Many religious people trust in their spiritual authority for their religious beliefs. They don’t study the religious text for themselves. They don’t understand how their authorities came by their tenets, so theirs is a personal faith without proof. “All I know is that when I die, I go to heaven, right?”
Many people trust in science authorities for their findings. They don’t study science textbooks for themselves. They don’t understand the complex findings by which their authorities arrived at their conclusions, so theirs is also a personal faith without proof. “All I know is that we came from a warm pond and are descended from monkeys, right?”
Conclusion: believing without proof is not a religious issue, but an ignorance issue. Many secular and religious people jump to conclusions – which is another example of faith without proof. It’s just easier to believe in the conclusions without doing all the studying ourselves. It’s a human being issue.
The problem comes in when the conclusions are false. In the first two paragraphs, the conclusions don’t reflect the authority; both are wrong stances to take, especially the first paragraph, which is conditional. And that leads to problems when the wrong information gets out and others rely on it. Of course, there are plenty of strange religious ideas out there, and it seems that secular people have more due diligence than religious people to ferret out the truth. “Where is the evidence, Christian? Can you prove that?” is perfectly valid; in the face of so many contradictory views in religion, I can’t blame them for asking these questions.
Yet if the authority is correct, then the faith is valid. I may not understand all the ins and outs of healthy eating, but when I followed the nutritionist’s directions and switched to certain foods in certain combinations, then I lost 10.5 pounds over 12 weeks. Faith without proof is not a handicap; following the wrong authority is.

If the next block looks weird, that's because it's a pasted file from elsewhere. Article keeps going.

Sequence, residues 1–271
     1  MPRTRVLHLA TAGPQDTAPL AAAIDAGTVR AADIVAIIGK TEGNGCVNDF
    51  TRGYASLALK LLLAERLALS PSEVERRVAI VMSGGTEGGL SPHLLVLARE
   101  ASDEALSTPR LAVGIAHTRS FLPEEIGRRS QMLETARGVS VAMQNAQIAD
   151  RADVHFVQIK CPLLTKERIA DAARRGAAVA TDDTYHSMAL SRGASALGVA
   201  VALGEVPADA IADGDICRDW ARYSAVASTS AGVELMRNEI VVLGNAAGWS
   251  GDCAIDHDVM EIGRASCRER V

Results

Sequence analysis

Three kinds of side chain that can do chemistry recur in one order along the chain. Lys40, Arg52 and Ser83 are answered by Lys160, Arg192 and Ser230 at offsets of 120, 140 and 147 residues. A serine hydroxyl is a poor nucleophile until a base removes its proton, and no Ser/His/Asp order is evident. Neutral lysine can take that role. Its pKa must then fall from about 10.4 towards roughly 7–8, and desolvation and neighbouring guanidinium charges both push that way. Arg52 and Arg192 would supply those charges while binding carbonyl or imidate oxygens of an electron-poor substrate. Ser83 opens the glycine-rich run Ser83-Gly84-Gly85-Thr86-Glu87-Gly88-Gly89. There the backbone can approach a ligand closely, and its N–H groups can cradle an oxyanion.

Certain secular leaders mock those who have a faith that’s without proof, not realizing that many people who follow them lack their own training and experience, and their followers are merely trusting in them and their conclusions. They are as clueless as some religious followers are; when we ask them for proof, they are equally silent. Do these leaders have a problem with that? After all, some of their followers cannot explain why they believe what they do. Their trust is in the authority being right, not in their own knowledge of the subject matter.
“God says it and I believe it,” doesn’t cut it anymore to those who want answers nowadays – people want a reason for the religious beliefs. “Always be ready to give a defense to everyone who asks you a reason for the hope that is in you, with meekness and fear,” Christians are told in 1 Peter 3:15b. Fortunately, more than ever before, Christians in a broad range of sciences, political fields, archaeology, psychology, law, and more have applied their faith to their discipline and have emerged stronger than ever, and are eager to share their solid foundation with others. Skeptics applying their research and writing skills to point out the lie of Christianity have come away believing. Books about their faith journeys abound.
Faith with evidence backing it up is easier and easier to come by – but it is still the trust in Jesus itself that brings pleasure to God (Hebrews 11:6), not the evidence. If you simply believe God, you do well: “Blessed are those who have not seen and yet have believed,” Jesus said to the doubting Thomas. Which person pleases God most, the one who read His Word and acts on it as though it were authoritative, or the one who is constantly looking for more evidence to bolster his faith, but never really feels sure enough to believe?